Located in an arid region, U.S. Open qualifying site Barona Creek Golf Club offers a sustainable model for reduced water use May 3, 2013 By Pat Gross, USGA

Native areas surrounding the holes at Southern California's Barona Creek Golf Club have helped to reduce the irrigation needed on the course, which hosts U.S. Open local qualifying on May 6. (Courtesy Barona Resort & Casino)

On May 6, competitors in the U.S. Open local qualifier at Barona Creek Golf Club in Lakeside, Calif., will encounter a beautiful, challenging course as they begin their quest to play in the U.S. Open at Merion Golf Club.

As they grind out pars and birdies, they won’t know that the layout, part of the Barona Creek Resort set in the mountains northeast of San Diego, has many features that allow the course to remain sustainable in its high-desert setting.

From its opening in 2001, Barona Creek has had to operate with a limited water supply. The only source of water is runoff from the winter rains, which is collected in reservoirs, then recycled and reused for irrigation.

Since there is no additional water available for irrigation, the maintenance staff must utilize every drop to survive the hot summer season. During construction, the course decided to plant low-water-use bermudagrass on the tees, fairways and rough, in addition to incorporating drought-tolerant native grasses that can survive without irrigation in the rough and out-of-play areas.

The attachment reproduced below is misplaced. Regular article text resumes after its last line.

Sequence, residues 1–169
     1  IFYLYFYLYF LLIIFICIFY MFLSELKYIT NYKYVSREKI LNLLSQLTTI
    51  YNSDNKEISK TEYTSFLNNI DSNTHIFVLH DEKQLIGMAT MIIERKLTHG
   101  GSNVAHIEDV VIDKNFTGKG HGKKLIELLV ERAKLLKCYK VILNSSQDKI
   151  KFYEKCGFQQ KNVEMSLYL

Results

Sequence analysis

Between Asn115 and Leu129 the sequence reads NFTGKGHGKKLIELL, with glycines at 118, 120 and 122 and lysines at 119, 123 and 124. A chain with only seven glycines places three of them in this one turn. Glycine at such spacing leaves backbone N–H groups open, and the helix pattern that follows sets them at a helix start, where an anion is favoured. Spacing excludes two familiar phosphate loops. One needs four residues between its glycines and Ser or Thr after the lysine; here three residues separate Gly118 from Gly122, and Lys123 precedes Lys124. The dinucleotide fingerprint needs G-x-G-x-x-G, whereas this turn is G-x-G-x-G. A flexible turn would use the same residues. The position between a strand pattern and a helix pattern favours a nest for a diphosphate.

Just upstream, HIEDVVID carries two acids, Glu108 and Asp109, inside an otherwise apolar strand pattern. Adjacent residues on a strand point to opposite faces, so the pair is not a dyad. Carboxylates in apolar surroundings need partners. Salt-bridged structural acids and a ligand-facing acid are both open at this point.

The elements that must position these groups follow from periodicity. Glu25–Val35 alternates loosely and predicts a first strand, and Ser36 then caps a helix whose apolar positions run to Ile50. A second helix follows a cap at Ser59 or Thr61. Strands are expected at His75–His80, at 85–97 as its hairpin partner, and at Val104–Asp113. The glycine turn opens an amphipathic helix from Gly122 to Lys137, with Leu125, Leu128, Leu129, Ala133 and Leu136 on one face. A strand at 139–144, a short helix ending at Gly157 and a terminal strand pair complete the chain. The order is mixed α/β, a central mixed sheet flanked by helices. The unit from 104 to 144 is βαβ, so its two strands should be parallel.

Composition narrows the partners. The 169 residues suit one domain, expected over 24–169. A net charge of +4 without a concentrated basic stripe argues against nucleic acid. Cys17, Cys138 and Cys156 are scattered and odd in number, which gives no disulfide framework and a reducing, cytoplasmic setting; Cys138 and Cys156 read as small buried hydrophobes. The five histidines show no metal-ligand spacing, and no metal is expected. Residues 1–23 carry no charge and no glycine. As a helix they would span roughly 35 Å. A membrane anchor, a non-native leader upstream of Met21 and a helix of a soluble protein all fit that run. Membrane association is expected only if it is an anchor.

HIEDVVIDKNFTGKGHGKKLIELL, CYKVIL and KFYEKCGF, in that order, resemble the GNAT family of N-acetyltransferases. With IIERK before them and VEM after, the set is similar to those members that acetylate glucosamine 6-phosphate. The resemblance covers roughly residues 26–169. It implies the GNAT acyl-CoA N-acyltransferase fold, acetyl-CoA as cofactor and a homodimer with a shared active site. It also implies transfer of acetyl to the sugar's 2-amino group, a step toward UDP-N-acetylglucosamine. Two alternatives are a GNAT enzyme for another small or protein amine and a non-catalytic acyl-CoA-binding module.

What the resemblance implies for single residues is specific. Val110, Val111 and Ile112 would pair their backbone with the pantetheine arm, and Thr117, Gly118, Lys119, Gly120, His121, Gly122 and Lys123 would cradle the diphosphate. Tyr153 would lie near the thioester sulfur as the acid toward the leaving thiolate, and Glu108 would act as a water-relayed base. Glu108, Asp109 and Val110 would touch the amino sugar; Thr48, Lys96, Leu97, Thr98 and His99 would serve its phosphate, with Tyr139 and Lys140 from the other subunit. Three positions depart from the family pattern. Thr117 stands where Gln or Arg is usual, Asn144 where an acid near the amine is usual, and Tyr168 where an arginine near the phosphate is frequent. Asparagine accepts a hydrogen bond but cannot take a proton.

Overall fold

Sandy Clark, the course superintendent since opening, has painstakingly recorded every gallon of water applied to the course since the beginning of the project. Below-average rainfall has presented significant challenges in some years, putting extra pressure on the need to accurately manage water. Careful monitoring and operation of the irrigation is an important task each day. In addition, the maintenance staff uses moisture meters and other technology to help them preserve playing quality without wasting water.

In addition, the course has reduced turf in out-of-play areas, such as near teeing grounds and portions of fairways, to save additional water. Near many of the teeing grounds, native grasses replaced the bermudagrass, while the strategic expansion of fairway bunkers and sandy areas enhanced the challenge for expert players without penalizing less skilled golfers. The result is a course that remains very playable – crucial for a resort course – while using less water.

Golfers aren’t the only denizens that appreciate the course, which was designed by Gary Roger Baird and Todd Eckenrode. The native grasses, combined with the lakes and water features, provide an ideal habitat for a variety of birds, fish and other wildlife. It is very common to see osprey and red-tailed hawks circling over the course.

The maintenance staff takes its environmental responsibility seriously and manages the course with wildlife in mind. Barona Creek has participated in the Audubon Cooperative Sanctuary Program for golf courses since construction and has received full certification.

The program recognizes courses that are dedicated to preserving and enhancing wildlife habitat, minimizing chemical inputs, conserving water and committing to environmentally friendly maintenance practices. Barona Creek has hit the bull’s-eye in every category and continues to pursue programs and practices to make the golf course compatible with the environment.

Barona Creek Golf Club provides a great example of a course that can provide a great test of golf for competitors trying to make  it to the national championship, while remaining sustainable in a challenging climate and providing a friendly environment for wildlife.

While the local U.S. Open qualifier on May 6 will shine a competitive spotlight on Barona Creek, it stands out every day as a notable example of golf course sustainability.

Pat Gross is the director of the Southwest Region of the USGA Green Section. Contact him at